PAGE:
Beavers are often called, “Animals of mass destruction." Can that be? They are cute and furry, why all the fuss? North Americans have had a love-hate relationship with beavers for centuries. Humans love the beaver’s fur, yet they hate the destruction beavers do to the environment. Although today, that sentiment is changing. Let’s look at who the beavers are and why there has been a war with who they are and what they do to the landscape and the economy.
Beavers (Castor canadensis) are some of the largest rodents and they can grow to be about 40-inches long (102 cm) and can weigh up to 70 pounds (32 kg.). Because they are rodents, they have sharp front teeth, hair or fur, and feed their babies milk.
Water is their preferred environment and beavers can stay underwater for 15 minutes with over-sized lungs before they have to surface for a breath. The North American beaver lives in the United States and Canada and the Eurasian beaver, all over Europe and Asia. Since they’ve been overhunted, there are smaller numbers in France, Germany, Poland, Scandinavia and Russia.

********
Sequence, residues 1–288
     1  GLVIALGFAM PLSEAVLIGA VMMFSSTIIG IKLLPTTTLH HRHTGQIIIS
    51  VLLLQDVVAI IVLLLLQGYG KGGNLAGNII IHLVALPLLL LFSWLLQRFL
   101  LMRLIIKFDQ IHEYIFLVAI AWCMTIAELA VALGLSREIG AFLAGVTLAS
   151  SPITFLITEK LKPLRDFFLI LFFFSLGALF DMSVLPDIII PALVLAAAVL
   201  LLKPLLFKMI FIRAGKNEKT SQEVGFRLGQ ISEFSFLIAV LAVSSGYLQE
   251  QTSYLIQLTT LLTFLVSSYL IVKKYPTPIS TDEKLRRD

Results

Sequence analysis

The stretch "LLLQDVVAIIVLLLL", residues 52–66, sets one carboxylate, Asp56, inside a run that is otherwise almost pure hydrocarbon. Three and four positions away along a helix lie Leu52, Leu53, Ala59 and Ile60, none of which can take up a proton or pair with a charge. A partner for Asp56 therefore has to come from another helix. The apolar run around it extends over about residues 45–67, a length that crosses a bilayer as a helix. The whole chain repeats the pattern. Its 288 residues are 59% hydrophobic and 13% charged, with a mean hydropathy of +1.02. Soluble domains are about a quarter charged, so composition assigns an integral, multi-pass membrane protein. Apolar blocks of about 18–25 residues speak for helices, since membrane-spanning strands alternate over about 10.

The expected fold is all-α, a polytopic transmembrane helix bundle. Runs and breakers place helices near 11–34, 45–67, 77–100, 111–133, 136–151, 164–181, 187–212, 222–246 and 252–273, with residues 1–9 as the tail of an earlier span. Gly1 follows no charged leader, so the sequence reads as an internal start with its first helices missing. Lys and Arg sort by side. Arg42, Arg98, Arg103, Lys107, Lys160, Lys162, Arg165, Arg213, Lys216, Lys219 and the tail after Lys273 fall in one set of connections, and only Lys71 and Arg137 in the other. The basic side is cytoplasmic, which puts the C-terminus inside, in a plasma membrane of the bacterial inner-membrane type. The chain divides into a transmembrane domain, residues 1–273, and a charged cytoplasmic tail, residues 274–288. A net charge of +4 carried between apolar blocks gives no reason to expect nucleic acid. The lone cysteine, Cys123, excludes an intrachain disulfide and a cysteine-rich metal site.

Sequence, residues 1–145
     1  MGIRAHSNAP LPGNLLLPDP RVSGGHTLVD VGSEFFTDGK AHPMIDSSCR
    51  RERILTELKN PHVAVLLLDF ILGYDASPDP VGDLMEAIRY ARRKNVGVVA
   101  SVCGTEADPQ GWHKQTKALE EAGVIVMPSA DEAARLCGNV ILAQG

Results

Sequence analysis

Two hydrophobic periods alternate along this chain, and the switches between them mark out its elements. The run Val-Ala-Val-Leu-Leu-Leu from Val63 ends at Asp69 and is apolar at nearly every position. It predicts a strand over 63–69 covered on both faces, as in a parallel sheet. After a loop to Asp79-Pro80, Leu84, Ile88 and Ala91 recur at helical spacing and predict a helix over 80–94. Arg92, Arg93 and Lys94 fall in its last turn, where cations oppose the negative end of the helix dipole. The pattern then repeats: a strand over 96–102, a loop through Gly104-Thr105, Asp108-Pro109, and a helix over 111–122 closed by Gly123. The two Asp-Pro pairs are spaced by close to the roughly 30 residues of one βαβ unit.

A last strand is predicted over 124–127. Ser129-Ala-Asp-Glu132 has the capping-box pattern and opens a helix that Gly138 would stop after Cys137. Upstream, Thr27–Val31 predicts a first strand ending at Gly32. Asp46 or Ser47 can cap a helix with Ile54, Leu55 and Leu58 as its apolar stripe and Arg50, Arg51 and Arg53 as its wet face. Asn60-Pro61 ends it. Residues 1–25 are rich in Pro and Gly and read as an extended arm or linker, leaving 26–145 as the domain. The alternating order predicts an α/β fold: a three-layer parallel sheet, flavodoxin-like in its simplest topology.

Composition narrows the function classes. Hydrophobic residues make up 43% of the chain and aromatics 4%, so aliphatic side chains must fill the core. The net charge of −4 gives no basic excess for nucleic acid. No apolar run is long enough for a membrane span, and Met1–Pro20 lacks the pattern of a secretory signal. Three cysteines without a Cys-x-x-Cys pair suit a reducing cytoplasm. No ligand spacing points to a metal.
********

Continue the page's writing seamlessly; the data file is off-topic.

Beavers communicate with each other by using a groan and when danger is sensed, they slap the water with their large flat, hairless tail (it looks like a black paddle with scales on it) and, because they are semiaquatic, their tail also acts as a rudder in water and a balance mechanism on land. The tail also stores fat for the leaner times of the year.
A beaver’s fur is waterproof and they can swim up to five miles (8 km) per hour and are aided by two back paws, which are webbed. Newborn kits can swim a day after they are born.
In their rear feet is a preening toe that carries a double toenail, which acts as a comb to prevent their fine, soft, double-layer of fur from matting. This inherent claw also clears out things that may attach to their coats such as burrs, parasites and bits of vegetation.
Beaver whiskers are another aid since their eyesight is poor; like a dog that uses whiskers to find objects spatially, a beaver’s whisker bristles also help them navigate in dark water and through narrow pathways. Speaking of their eyes, they are equipped with a transparent membrane—a nictitating membrane—that covers the eyeball for underwater work. On the other hand, a beaver’s hearing is keen and inside its small ears are valves that close when they are submerged. It is believed they may hear better underwater as a large portion of their brain is devoted to auditory ability.